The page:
Kingdom of the Little People

From Wikipedia, the free encyclopedia
Jump to: navigation, search

The Kingdom of the Little People (Chinese: 小矮人王国; pinyin: Xiǎo Ǎirén Wángguó) is a theme park located near Kunming, Yunnan that features comic performances by people with dwarfism. Supporters of the park claim that it provides employment to people who would otherwise be unable to find work, but it has been criticized for treating dwarfism as a humorous condition.[1]

Employees[edit]

As of 2010, there were over 100 employees whose ages ranged from 19 to 48. The park requires employees to be less than 51 inches (130 cm) tall.[2] The employees live in nearby dormitories which were specifically constructed to be accessible to short people. During the performances, the actors pretend to live in small mushroom shaped houses.[2][3]

The park was founded in September 2009 by Chen Mingjing, a wealthy real estate investor,[4] as part of a complex he owns near Dian Lake in the western suburbs of Kunming that also includes the World Butterfly Ecological Park (世界蝴蝶生态园).[5][6] Although many visitors to the park are students from nearby towns, Chen hopes to make the park a destination for tourists visiting China. He provides English lessons for his employees to help them interact with foreign tourists. He aims to eventually employ 1,000 people with dwarfism.[5]

Performances[edit]

The performers sing, dance, and perform onstage for visiting tourists.[4] They often act out Qigong,[7] scenes from fairy tales, or ballets such as Swan Lake.[2] They also occasionally perform hip-hop dances, as well.[5] The performances often feature a "Dwarf King". The king, who is only 1 metre (3.3 ft) tall,[8] often wears a gold silk cape and rides a three-wheeled motorcycle during performances.[7]

Controversy[edit]

The park has been criticized by several organizations, including the Little People of America and Handicap International. Critics contend that the park resembles a human zoo and isolates the handicapped from the rest of society.[4] Chen claims that the business provides employment for many who would otherwise be unemployed, allowing them to build self-respect. Many employees have said that they enjoy living with other short people and feel less lonely at the park.[4] They say that before they were employed by Chen they were unable to find work or were exploited by employers.[9]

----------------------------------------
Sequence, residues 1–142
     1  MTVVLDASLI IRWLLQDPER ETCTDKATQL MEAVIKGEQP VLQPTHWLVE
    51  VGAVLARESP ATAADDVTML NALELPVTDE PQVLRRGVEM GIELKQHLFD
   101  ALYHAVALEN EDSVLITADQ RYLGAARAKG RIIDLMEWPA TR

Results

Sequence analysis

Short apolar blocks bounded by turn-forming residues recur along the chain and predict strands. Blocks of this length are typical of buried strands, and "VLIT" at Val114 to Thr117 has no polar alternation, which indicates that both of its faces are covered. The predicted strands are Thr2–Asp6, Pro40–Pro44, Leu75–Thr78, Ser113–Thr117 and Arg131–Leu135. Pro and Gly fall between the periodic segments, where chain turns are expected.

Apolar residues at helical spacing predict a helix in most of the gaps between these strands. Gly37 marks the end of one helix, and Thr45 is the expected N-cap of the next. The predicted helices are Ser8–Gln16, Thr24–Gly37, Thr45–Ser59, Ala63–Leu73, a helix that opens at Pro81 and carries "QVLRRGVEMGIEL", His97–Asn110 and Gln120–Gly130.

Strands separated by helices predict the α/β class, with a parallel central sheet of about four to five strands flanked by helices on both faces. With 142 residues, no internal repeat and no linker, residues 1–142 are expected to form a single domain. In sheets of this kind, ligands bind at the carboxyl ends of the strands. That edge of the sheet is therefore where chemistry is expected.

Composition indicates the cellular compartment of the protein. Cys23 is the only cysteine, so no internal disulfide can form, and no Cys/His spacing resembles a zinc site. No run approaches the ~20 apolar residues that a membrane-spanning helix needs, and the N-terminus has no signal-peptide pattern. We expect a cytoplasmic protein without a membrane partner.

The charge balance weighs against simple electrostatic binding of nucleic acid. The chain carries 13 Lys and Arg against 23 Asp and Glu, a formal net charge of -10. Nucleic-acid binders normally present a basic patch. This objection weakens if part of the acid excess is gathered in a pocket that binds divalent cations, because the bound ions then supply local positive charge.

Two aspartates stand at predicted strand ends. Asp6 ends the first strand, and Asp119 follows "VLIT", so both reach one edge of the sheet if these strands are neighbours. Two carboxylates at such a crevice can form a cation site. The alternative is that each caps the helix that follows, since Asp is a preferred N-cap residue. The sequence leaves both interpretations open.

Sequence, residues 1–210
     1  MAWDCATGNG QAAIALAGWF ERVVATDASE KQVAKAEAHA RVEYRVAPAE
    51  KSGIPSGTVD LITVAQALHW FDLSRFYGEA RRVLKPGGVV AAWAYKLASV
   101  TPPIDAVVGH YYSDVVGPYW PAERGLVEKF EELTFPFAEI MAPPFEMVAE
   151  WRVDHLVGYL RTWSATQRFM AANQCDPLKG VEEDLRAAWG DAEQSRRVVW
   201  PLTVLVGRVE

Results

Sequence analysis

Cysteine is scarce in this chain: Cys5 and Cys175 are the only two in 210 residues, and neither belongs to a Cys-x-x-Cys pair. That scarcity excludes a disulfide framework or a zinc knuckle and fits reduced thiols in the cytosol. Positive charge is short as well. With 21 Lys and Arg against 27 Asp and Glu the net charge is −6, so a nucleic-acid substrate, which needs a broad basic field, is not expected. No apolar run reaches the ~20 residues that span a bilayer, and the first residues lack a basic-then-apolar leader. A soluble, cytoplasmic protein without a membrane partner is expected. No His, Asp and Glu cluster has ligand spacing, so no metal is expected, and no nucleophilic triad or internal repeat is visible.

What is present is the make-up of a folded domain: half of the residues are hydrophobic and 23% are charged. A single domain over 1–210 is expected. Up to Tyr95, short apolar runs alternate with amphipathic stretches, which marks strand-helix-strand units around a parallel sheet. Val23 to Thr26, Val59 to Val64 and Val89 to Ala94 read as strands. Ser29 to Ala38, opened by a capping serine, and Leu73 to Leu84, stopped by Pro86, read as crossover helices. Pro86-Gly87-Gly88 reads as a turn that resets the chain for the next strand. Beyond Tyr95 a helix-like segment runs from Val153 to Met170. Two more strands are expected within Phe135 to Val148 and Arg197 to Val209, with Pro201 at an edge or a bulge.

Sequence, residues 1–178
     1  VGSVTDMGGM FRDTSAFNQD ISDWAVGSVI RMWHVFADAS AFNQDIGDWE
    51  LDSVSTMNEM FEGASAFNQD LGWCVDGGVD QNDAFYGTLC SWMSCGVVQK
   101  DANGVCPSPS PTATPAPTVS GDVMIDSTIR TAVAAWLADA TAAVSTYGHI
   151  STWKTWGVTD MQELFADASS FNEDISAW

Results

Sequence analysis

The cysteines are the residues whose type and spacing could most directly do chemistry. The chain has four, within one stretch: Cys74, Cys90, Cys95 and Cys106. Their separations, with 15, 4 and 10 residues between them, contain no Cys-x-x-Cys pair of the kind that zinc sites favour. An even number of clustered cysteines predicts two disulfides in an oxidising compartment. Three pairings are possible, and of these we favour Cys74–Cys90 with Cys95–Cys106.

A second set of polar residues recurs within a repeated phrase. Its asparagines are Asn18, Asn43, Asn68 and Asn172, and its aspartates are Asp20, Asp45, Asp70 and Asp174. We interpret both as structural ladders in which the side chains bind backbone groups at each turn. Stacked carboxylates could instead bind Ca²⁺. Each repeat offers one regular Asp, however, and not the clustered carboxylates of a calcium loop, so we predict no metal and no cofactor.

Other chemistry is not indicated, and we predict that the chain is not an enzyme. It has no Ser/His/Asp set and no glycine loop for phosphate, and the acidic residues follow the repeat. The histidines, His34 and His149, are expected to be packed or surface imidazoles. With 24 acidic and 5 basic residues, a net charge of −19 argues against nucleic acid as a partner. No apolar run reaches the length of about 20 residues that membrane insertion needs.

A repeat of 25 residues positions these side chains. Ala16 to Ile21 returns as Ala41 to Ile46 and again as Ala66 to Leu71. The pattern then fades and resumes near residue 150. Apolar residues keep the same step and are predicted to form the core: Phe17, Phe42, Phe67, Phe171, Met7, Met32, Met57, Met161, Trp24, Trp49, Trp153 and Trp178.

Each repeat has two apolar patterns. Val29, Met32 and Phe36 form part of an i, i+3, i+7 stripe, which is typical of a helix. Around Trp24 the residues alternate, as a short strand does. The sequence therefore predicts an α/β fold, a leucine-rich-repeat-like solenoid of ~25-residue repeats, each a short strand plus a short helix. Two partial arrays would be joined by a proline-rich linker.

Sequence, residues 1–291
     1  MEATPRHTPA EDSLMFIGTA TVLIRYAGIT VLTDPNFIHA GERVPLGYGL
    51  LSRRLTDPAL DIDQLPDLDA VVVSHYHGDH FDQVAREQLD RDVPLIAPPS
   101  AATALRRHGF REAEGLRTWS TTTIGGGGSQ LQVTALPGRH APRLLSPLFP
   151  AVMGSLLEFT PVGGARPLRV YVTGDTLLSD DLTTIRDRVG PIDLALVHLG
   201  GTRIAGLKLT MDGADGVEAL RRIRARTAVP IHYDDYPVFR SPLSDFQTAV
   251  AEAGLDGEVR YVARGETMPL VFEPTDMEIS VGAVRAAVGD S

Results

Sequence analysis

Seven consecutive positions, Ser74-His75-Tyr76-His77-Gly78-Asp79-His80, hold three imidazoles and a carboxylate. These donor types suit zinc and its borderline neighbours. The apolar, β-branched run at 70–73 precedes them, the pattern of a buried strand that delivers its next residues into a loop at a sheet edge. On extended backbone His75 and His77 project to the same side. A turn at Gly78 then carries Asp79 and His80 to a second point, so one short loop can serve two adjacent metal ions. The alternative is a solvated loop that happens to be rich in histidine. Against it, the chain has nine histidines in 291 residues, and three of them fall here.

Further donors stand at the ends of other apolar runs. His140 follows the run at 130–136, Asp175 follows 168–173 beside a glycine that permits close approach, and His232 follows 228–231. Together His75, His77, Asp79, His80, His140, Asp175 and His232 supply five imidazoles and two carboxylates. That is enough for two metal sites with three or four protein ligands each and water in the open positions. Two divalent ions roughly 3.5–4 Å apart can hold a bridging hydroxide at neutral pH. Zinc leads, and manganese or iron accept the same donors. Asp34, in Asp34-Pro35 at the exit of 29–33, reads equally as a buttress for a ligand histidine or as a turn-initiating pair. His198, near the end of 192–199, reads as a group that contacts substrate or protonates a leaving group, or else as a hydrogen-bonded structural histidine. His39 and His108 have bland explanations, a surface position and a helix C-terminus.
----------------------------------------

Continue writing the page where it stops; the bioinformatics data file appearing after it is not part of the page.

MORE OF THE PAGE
References[edit]

  1. ^ Guo Shuhan (03/04/2010). "Little people, broad shoulders" (in English language). 中国日報網 (China Daily 03/04/2010 page20). Retrieved 03/04/2010. 
  2. ^ a b c Duncan, Maxim (26 March 2010). "Theme park highlights challenges facing China's dwarfs". Reuters. Retrieved 13 May 2011. 
  3. ^ Moriarity, Richard (14 April 2010). "No yellow brick road needed for this 'Dwarf Empire'". Metro.ca. Retrieved 13 May 2011. 
  4. ^ a b c d LaFraniere, Sharon (26 March 2010). "A Miniature World Magnifies Dwarf Life". The New York Times. Retrieved 13 May 2011. 
  5. ^ a b c "Dwarves a big hit at China theme park". Daily Times. 7 April 2010. Retrieved 13 May 2011. 
  6. ^ 杨牧源; 陈杰昆 (2010-08-15). "昆明:小矮人王国里的浪漫爱情". Yunnan Xinhua News Agency. Retrieved 2011-05-14. 
  7. ^ a b McLaughlin, Kathleen (16 October 2009). "In China, it's a small world after all". The Global Post. Retrieved 13 May 2011. 
  8. ^ "El 'Imperio de los Enanos' sorprende como parque de atracciones en China". Terra.com (in Spanish). Agence France-Presse. 7 April 2010. Retrieved 13 May 2011. 
  9. ^ "Dwarf theme park open to tourists in China is condemned as modern day 'freak show'". The Daily Mail. 2 October 2009. Retrieved 13 May 2011. 

External links[edit]

Coordinates: 24°51′01″N 102°37′20″E / 24.850382°N 102.622261°E / 24.850382; 102.622261